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New Zealand is one.

A few years ago, a friend took me to a firing range near Dunedin, and I watched someone fit a suppressor to an AR15 style weapon.

New Zealand firearms regulations are incredibly tight. I never verified this, but I'm told that this particular AR15 was licensed and restricted to be used by him alone. His wife was also a shooter, and if she wanted to shoot an AR15, she would have to buy her own otherwise she would be committing a firearms offense.

On the other hand, I was also told that if I wanted a firearms license and the endorsement to allow me to own pistols, I would need to be a member of the pistol club, shooting regularly for six months, before I could apply for the endorsement. However, I could also apply for my firearms license AND the P endorsement on the same day, having been a regular shooter at the range beforehand.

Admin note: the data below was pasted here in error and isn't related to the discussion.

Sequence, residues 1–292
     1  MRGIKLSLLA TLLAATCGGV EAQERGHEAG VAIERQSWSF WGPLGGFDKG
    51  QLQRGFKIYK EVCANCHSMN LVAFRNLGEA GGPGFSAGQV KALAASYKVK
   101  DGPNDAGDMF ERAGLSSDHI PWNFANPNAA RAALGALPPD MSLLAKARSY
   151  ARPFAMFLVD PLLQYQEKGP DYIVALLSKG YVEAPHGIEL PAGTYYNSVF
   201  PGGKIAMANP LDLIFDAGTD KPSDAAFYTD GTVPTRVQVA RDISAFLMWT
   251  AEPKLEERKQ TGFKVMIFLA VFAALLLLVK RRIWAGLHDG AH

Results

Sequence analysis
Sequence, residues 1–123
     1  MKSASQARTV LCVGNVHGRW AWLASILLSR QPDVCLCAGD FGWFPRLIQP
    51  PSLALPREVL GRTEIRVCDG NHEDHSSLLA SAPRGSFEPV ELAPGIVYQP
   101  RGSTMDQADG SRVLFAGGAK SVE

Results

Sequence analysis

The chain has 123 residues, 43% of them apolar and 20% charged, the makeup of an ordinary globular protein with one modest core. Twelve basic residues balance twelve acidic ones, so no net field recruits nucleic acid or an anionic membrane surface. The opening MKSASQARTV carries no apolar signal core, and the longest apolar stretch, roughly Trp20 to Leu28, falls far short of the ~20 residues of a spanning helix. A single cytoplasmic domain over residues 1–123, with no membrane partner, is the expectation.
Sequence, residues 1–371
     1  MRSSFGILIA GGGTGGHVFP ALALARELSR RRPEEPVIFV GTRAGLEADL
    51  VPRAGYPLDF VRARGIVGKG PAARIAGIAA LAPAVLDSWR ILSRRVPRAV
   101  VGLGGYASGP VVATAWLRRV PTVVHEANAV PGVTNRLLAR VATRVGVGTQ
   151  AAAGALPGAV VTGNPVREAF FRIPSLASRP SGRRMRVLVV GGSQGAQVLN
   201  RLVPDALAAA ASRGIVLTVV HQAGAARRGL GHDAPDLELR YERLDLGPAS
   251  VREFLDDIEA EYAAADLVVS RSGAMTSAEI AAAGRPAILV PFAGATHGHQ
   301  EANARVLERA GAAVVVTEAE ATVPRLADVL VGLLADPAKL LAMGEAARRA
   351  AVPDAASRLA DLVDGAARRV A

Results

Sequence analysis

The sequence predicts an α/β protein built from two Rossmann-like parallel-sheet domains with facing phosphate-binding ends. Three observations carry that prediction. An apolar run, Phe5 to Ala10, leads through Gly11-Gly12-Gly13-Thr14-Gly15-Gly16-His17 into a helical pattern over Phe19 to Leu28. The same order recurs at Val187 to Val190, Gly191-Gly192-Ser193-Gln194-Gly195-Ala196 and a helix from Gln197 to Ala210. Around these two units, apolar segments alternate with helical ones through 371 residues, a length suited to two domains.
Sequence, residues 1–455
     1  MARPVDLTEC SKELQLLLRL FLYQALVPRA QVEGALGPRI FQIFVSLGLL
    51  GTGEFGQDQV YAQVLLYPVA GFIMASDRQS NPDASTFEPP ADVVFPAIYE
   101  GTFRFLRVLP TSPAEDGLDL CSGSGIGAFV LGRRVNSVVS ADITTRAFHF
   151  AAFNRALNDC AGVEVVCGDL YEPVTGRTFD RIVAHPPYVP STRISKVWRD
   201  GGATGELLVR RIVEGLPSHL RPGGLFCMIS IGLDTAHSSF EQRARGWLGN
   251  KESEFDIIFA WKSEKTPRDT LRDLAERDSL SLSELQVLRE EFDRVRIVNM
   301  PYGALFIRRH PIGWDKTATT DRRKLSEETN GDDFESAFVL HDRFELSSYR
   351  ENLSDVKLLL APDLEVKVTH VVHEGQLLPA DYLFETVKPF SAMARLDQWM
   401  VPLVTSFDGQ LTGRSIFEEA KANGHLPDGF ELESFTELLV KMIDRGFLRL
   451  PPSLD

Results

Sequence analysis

One reason behind the strict regulation of firearms in New Zealand is the Aramoana massacre from November 1990. David Gray, who owned several military-style firearms, used these weapons to murder a number of people over the course of two days before finally being killed by police.

Kiwi here. I'd like to add that to own a pistol you'd have to also leave it locked up at the gun club.

Our laws are based around the idea that a gun can be owned for hunting or collection but not self defence. So restrictions are in place to restrict pistols and automatic weapons to gun clubs and hunting weapons still require a license. The license requires you to pass a gun safety test and a background check. Then a police officer will inspect you have a secure cabinet to store the gun in.

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